This is an archived article that was published on in 2011, and information in the article may be outdated. It is provided only for personal research purposes and may not be reprinted.

Young Utah dancers who hope to pursue a professional career in ballet have several training options in Salt Lake City — most notably Ballet West Academy and most recently Salt Lake City Ballet Academy.

Yet there are also outstanding choices for those who live north and south of downtown. Through interviews with students, studio founders and the professional dancers who teach in those studios, we've chosen to highlight three programs.

Dance professionals agree faculty is the most important factor in choosing a good school, followed by a solid pedagogy, a suitable facility, appropriate performance experience, and balancing home and school life with ballet.

But don't just take our word for it. Here are what studio founders and teachers recommend, as well as some tips (see box) for selecting a dance program.

Classical Ballet Academy

Founded in 2004 by Jennie Creer-King; 875 S. 170 East, Provo; 801-377-4892;

Jennie Creer-King • "Rather than keeping students, my goal is to train students out of the studio and into the profession. I create strong ties with university programs and dance professionals. My staff and I provide the best technical training we possibly can. And then I post audition fliers, teach them how to audition, offer help with university applications, submit summer program forms and encourage students to seek additional training and experience anywhere to help them become better dancers. Our studio philosophy is to guide students rather than fix them. We set a goal with the student, and students respond and discover the answers themselves."

Jessica Harston Thompson • Ballet West principal dancer, 1999-2004. "I love teaching at CBA because it is specifically a ballet school with students who want to learn classical ballet. I have such a passion for classical ballet, it makes sense to me, and I want to pass that on. Jennie has a wonderful way of combining the essence of the ballet traditions of discipline and respect with the American ideal that anyone has the opportunity to explore the art form. She prepares students for situations where they'll encounter criticism and rejection, but arms them with information about options and opportunities. I continue to grow personally and artistically, because Jennie brings in master teachers and provides workshops and seminars for the faculty. So, although my performing career is over, I'm continuing my dance education and getting to choreograph as well."

Jacqueline's School of Ballet

Founded in 1976 by Jacqueline Colledge; official school of Utah Regional Ballet; 493 N. 1020 West, Lindon; 801-796-7323,

Jacqueline Colledge • "A systematic syllabus prevents gaps in the student's training. Over the past 23 years, I've developed a solid, systematic training syllabus. I've been around long enough to see the results as students become professionals at every level. With a systemic approach, there are no holes in the technical training that need to be fixed later or become ingrained habits that can't be corrected. We require a lot, but the students get a lot in return."

Pamela Robinson-Harris • "Ballet West principal ballet mistress. "I have taught at Jackie's studio for nearly as long as I have been at Ballet West, which is currently 27 years. It is definitely a school for the serious ballet student who is disciplined and wants to work at a very high level. Jackie produces dancers who are well rounded, technically sound and very good performers."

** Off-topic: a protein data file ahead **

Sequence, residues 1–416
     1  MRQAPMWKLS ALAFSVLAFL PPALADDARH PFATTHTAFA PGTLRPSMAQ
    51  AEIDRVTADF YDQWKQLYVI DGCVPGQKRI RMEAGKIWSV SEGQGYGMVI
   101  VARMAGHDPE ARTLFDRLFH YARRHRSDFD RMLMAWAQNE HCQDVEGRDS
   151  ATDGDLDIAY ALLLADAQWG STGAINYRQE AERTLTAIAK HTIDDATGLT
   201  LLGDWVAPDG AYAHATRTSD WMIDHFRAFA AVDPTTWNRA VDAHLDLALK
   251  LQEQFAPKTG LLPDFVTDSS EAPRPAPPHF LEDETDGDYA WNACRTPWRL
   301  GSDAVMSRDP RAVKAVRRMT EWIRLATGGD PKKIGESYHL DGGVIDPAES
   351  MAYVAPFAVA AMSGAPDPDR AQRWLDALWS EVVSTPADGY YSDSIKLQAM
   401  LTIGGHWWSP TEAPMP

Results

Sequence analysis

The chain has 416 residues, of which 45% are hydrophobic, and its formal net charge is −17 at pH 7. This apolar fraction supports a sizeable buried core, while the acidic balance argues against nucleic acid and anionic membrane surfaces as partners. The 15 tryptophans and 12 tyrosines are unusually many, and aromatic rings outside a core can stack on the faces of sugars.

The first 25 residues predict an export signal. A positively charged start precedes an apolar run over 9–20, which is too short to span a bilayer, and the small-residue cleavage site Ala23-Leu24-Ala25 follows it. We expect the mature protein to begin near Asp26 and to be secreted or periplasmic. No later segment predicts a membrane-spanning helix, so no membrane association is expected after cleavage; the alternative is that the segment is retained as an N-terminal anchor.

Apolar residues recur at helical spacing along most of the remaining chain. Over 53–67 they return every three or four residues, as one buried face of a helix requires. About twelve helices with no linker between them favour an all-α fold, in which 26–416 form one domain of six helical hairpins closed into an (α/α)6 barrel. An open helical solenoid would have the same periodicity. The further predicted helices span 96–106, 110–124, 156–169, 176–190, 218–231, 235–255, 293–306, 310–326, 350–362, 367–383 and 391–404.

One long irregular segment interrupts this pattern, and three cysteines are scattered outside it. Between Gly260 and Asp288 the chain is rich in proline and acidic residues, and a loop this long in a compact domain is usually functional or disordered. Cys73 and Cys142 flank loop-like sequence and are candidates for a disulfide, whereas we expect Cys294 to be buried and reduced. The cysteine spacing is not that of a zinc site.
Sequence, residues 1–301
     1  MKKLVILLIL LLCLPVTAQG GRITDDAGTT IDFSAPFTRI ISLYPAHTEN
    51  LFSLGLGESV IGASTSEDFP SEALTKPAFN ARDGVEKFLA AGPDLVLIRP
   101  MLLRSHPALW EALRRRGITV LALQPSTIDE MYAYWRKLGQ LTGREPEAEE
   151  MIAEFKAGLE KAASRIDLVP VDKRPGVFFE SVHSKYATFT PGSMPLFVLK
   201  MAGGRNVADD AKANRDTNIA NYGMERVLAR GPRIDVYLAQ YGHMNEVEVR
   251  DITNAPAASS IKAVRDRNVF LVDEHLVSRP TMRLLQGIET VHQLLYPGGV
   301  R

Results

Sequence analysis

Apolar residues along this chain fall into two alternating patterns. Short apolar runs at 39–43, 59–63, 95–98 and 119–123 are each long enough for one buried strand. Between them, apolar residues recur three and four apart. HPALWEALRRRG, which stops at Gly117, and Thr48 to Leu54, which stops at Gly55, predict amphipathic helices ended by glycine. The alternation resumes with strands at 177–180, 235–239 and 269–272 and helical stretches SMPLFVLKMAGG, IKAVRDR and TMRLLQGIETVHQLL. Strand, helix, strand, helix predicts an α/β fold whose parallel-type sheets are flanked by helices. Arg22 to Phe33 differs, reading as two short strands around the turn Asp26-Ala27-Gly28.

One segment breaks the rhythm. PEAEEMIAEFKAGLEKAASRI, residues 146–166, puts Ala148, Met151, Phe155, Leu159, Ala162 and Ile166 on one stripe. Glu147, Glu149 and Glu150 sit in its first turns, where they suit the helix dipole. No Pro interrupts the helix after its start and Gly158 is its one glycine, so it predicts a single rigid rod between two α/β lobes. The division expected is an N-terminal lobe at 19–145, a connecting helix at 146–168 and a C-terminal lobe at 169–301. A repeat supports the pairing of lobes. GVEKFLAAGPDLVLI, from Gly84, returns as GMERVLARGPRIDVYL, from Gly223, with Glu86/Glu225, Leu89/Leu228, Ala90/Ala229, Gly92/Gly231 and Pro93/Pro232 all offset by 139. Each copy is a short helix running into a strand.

Creative Arts Academy

Founded in 2004 by Jana Monson; 165 S. Main St., Bountiful; 801-295-3798,

Jana Monson • "Qualified teachers are vital to a student's progress. If your time in class is productive, with highly qualified instructors who challenge you and make insightful and accurate corrections, you don't need to be in class an excessive amount of hours. A student can spend hours in class making the same mistake over and over and never progress. All of our teachers are either university trained or have worked for at least seven years as a paid professional. They understand the profession and the art form."

Kate Crews Linsley • Ballet West soloist for 10 years who retired earlier this year. "I continue to teach for Jana because of the positive atmosphere in the studio. The positive attitude translates to students taking artistic risks and responding to corrections quickly. In a positive atmosphere, students' minds are open and flexible and the improvement is more rapid and sustained. I even see students encouraging each other, which I love." —

Choosing a dance school

Ballet faculty • Professional stage experience doesn't guarantee a good teacher, but it helps with insight into the career path. Instructors should absolutely have strong ballet training and be able to articulate their approach.

A suitable facility • A sprung floor is very important in preventing injuries. Also check for supported barre, mirrors and a good sound system — or live accompanist.

Performance • Annual performances give students necessary stage experience, but the process is more important than a flashy product. Controversy surrounds combo-dance "competition studios." However, respected competitions such as the USA International Ballet Competition, Youth America Grand Prix and The World Ballet Competition provide exposure for students and valid performance experience.

Note • If you see hundreds of trophies piled in the neighborhood studio window, it represents little more than memorized "routines," glitzy costumes and travel expense.

Kathy Adams